How long do conservatories, orangeries and other types of glazed extension take to build?

The length of time it takes to build any structure is largely dependent on its size and shape. But, before we begin any installation work, our team of expert surveyors will carry out a full technical survey and prepare working drawings for you to browse through.

Once work begins, a typical conservatory installation will take around 4-5 weeks from the start of the job until completion. Orangeries, on the other hand, tend to take a little bit longer, around 6-8 weeks. Whilst work is being carried out on your home, between 2-5 members of our expert installation team will be on site, depending on the size of the job.

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The typical process for building conservatories/orangeries:

1. Taking the measurements

We take precise measurements to ensure our installations are correct to the nearest millimetre.

2. Laying the foundations

We lay either traditional strip footing or block and beam floors to ensure the new structure is supported, insulated and weatherproof.

3. Building the structure

Starting with the walls and floor, we then fit the frames for any windows and doors along with the roof. Then we fit the glazing.

4. Adding the finishing touches

This includes your choice of flooring and any other finishing touches like plastering the walls and lighting.

Supalite tiled roof Victorian conservatory

Planning permission for conservatories and orangeries in Essex and South East London

Here at Chigwell Window Centre, we take care of acquiring any necessary planning permissions before we start working on your home.

For any who are wondering whether planning permission might be required for a conservatory, orangery or glazed extension that you’re planning, we have listed the current guidance for planning permission in England below:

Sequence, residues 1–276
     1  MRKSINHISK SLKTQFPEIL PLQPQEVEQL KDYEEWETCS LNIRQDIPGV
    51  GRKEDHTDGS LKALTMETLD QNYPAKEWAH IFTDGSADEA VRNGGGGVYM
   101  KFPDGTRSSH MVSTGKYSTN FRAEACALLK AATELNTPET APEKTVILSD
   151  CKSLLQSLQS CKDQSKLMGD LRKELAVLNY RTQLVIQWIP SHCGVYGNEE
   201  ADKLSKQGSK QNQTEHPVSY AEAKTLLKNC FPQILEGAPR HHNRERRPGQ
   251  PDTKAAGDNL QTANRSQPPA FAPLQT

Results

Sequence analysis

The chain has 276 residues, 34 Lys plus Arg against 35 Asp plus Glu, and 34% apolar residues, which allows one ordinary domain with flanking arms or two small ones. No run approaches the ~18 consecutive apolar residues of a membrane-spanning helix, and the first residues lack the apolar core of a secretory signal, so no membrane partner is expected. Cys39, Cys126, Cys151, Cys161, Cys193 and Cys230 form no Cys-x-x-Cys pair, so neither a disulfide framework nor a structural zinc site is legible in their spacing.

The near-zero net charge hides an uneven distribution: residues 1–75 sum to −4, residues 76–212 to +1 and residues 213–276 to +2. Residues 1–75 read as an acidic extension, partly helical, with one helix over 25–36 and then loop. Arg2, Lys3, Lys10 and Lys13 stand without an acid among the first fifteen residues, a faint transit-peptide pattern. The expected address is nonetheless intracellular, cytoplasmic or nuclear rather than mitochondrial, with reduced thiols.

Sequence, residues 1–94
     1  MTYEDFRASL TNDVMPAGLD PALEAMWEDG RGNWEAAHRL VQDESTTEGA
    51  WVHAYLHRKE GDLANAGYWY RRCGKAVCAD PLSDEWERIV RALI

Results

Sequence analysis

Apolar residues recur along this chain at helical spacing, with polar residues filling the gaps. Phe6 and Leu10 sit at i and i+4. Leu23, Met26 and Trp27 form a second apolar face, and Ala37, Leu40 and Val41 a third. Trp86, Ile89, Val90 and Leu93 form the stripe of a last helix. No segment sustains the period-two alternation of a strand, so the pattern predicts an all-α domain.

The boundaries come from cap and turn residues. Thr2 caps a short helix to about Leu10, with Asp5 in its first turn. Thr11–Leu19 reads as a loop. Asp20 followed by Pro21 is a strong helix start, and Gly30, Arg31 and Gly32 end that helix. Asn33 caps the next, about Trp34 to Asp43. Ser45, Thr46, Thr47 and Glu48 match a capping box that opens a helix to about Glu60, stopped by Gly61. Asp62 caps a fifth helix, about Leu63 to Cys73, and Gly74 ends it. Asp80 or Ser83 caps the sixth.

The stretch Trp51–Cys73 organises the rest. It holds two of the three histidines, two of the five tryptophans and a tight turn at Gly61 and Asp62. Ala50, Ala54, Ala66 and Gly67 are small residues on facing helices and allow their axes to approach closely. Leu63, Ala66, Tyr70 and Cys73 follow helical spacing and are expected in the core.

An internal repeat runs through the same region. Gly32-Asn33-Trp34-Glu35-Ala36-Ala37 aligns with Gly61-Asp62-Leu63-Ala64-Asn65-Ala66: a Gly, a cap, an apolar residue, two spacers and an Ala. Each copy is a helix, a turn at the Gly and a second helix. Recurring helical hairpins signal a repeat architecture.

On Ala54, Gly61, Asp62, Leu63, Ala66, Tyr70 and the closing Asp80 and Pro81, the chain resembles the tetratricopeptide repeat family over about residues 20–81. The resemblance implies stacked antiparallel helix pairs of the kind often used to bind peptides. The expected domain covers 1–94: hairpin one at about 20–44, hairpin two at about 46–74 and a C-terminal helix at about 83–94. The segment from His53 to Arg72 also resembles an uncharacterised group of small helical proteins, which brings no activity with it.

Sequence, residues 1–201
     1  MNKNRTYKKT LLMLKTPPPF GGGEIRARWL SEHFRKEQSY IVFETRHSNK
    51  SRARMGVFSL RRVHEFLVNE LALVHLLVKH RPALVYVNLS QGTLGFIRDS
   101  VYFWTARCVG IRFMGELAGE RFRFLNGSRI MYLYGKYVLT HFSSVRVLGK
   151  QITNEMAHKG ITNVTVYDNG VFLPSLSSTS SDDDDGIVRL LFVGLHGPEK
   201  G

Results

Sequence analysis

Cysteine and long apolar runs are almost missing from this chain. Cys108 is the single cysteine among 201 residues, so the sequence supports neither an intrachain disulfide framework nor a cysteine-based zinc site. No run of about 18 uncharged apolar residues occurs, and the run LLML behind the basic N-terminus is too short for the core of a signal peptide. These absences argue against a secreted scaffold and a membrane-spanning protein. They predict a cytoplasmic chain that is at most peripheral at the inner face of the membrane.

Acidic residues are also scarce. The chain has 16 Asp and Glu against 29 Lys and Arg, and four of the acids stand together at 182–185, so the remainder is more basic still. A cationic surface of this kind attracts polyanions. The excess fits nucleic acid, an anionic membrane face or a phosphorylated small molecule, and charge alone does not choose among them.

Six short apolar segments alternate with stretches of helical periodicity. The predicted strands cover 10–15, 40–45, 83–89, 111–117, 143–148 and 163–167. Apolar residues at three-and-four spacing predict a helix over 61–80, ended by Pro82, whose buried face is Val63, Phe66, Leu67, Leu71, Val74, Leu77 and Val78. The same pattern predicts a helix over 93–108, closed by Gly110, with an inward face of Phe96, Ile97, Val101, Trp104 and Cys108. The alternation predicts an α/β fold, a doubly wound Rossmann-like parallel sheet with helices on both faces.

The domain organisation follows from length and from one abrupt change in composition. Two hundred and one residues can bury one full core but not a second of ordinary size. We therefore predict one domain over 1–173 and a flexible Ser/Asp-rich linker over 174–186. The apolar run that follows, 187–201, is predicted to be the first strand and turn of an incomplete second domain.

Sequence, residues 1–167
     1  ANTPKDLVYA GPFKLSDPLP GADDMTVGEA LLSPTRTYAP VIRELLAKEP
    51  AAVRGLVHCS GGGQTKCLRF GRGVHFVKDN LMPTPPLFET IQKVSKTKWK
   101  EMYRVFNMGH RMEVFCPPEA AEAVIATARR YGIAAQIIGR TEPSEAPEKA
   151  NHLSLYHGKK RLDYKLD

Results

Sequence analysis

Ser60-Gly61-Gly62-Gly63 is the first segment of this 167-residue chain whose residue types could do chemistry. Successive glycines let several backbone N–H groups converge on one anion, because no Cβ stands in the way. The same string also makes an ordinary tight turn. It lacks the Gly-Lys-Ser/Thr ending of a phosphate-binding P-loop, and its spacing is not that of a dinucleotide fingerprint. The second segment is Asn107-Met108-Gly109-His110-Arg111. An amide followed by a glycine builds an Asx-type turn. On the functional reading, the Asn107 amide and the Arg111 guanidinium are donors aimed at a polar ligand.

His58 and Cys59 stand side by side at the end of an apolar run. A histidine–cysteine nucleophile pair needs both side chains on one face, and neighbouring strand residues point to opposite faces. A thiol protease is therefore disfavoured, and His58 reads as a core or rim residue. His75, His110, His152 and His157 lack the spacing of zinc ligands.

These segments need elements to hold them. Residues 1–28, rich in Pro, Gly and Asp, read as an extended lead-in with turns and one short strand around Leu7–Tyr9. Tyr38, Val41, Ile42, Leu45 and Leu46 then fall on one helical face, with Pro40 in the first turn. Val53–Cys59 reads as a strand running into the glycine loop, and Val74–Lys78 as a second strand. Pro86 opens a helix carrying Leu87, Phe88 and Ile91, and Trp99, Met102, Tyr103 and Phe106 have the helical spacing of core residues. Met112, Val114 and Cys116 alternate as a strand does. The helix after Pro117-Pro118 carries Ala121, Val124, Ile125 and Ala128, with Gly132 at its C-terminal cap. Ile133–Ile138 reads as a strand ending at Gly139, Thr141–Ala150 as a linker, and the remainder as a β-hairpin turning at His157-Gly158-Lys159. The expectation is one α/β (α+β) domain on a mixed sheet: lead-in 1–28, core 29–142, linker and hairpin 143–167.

• Provided the single storey extension does not exceed 8m for detached properties and 6m for any other kind of property, planning permission will not be required. However, this is subject to the Neighbour Consultation Scheme.
  • If your permitted development rights have been removed, you will need to apply for planning permission.
  • The roof must not exceed 4m in height or be higher than your home’s roof.
  • It must contain no balconies, verandas or raised platforms.
  • It must be at ground level and be separated from the rest of your property by an external door or set of doors.

If your property falls within a conservation area, designated land or a Site of Specific Interest, planning permission might still be required even if abiding by the guidance above. In such cases, we recommend checking the planning guidance on your local planning authority’s website.

Interactive planning permission guide

Building Regulations for conservatories

Like we do when it comes to planning permission, we ensure that the necessary Building Regulations approval is taken care of before work starts (if required).

In most cases Building Regulations approval is not required, although it might be if a conservatory:

  • Has an internal floor area that exceeds 30 square metres.
  • Is not sited at ground approval.
  • Does not have at least 50% glass coverage on newly built walls.
  • Has a roof that is not at least 70% translucent.
  • Is not separated from the main property by a physical barrier such as external quality doors.
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White uPVC Edwardian conservatory installation

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